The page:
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Thread: P. 'Weser' flowering!

  1. #1
    Moderator Cindy's Avatar
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    Question

    My first ping to flower! [img]http://www.**********.com/iB_html/non-cgi/emoticons/smile.gif[/img]

    So excited...but how do I pollinate it?
    Cindy

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    Cindy, I just did it myself for the first time, and it is easy. Stick something like a toothpick or the end of a match in at the top. The pollen is hidden by a flap that looks like a bump on the top of the inside of the flower. When you stick in the peice of wood or whatever, angle it up a little behind the bump and then draw it back. You should see some pollen on the end of the tool.

    Then wipe this on the part that sticks out of the middle of the flower.

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    Moderator Joseph Clemens's Avatar
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    Below is an excellent sketch of the Pinguicula flower structure found at the CP Database website:

    From the CP Database "Slideshow of Pinguicula"
    http://www.omnisterra.com/botany/cp/...ings/pings.htm



    Basically you have the ovary. At the end of the ovary and mostly blocking the opening of the flower is the stigma (this is a flap that is connected at the end of the ovary and it covers the two stamens), filaments with attached anthers are hidden underneath the stigma. The upper surface of the stigma is where pollen is received to accomplish pollination, while the underside of this stigma cover is where the plant keeps its own pollen. This reduces the chance that pollen from this same plant will reach the upper surface of the stigma and self-pollinate the flower.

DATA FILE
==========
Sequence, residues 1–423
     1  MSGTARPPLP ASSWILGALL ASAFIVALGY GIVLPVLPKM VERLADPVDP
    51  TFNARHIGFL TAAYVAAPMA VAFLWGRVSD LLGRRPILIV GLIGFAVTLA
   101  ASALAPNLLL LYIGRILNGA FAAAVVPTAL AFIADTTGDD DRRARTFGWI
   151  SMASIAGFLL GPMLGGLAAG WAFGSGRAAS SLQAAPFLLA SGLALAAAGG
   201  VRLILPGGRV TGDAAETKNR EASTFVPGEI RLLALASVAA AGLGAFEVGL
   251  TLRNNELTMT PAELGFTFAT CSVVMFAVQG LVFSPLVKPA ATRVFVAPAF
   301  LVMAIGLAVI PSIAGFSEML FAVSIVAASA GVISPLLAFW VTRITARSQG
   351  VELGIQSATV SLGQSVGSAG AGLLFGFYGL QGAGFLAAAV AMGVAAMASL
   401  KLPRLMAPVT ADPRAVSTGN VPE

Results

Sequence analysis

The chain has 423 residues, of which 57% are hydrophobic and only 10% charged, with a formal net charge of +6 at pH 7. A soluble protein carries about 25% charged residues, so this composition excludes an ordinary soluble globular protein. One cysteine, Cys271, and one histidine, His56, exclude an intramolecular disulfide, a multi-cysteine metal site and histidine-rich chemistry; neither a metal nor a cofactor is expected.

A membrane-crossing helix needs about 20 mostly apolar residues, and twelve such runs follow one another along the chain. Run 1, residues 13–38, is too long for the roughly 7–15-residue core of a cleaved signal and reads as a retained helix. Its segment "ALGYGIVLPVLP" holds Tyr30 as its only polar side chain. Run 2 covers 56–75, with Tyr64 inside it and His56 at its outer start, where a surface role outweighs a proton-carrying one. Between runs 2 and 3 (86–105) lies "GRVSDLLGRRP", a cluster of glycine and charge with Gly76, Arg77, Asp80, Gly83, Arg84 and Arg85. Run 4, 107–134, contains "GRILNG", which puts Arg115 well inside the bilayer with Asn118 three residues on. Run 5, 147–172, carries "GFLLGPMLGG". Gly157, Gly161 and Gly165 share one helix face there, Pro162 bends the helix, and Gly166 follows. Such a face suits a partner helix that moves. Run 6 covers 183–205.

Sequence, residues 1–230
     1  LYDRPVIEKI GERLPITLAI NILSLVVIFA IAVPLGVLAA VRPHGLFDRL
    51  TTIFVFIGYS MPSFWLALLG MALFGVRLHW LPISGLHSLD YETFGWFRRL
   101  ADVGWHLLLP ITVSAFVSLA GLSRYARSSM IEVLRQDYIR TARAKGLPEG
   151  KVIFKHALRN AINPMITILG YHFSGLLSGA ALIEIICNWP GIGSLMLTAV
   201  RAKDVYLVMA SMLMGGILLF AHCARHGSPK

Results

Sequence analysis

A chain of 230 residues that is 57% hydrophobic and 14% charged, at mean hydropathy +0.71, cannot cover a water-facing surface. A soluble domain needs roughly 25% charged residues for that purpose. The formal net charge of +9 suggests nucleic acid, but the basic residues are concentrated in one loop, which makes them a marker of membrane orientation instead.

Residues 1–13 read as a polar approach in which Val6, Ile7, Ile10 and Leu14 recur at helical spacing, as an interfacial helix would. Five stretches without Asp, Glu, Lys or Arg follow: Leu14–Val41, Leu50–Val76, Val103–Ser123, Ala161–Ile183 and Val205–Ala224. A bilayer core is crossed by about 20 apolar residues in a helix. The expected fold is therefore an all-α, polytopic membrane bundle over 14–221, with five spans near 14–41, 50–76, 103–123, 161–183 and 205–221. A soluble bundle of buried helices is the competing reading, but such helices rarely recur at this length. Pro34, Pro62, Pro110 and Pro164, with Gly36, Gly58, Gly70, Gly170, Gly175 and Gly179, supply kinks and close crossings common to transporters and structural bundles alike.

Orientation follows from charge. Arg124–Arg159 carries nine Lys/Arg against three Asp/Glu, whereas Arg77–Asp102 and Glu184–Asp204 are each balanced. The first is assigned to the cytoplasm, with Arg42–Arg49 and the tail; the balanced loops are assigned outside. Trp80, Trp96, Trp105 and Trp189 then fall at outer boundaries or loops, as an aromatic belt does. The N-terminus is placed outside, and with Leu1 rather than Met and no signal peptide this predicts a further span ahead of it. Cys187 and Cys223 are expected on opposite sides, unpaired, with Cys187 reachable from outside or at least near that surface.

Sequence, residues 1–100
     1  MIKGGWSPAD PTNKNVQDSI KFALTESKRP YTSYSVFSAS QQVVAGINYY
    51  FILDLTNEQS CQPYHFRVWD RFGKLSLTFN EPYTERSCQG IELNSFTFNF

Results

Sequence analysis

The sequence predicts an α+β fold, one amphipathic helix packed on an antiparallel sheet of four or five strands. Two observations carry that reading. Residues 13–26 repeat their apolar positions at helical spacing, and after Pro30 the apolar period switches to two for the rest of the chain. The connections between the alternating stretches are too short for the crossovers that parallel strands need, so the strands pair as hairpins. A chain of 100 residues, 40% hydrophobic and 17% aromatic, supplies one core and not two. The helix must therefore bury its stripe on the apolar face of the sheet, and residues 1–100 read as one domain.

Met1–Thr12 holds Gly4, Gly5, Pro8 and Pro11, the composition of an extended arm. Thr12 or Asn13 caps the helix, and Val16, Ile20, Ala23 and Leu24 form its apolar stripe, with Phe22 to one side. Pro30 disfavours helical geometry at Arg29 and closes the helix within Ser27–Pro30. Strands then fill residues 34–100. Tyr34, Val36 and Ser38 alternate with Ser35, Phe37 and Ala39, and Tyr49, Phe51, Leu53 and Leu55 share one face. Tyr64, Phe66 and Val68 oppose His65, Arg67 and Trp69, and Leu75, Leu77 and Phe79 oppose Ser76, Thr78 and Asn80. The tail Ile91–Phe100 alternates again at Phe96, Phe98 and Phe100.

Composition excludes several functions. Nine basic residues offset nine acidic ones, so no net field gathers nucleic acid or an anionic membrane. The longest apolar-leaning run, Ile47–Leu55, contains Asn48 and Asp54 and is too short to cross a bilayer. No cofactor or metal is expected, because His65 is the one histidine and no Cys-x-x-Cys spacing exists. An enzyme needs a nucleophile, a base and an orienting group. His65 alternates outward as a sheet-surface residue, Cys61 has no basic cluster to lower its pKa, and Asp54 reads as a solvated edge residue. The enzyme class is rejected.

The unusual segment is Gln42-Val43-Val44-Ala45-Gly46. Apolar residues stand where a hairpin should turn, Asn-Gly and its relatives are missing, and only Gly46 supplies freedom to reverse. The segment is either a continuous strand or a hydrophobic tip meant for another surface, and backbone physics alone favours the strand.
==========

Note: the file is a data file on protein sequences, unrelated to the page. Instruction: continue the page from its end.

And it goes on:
When pollinating Pinguicula extra caution must be used because the connection of the stigma to the ovary is very tenuous and fragile while the stamens are more substantial and firmly attached to the base of the ovary.

    Frequently pollen is released and accumulates under the covering stigma, which can then be collected with a flat toothpick and gently placed on top of the stigma surface to effect pollination.

    I myself have found it easier to first photograph the flowers for posterity and then to carefully remove most of the petals to make it easier to access the reproductive parts of the flower without damaging them.
    Joseph Clemens
    Tucson, Arizona, U S A

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    Moderator Cindy's Avatar
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    [img]http://www.**********.com/iB_html/non-cgi/emoticons/smile.gif[/img] Thanks! I'm currently taking a photo each day...will post them when I get the seeds...
    Cindy

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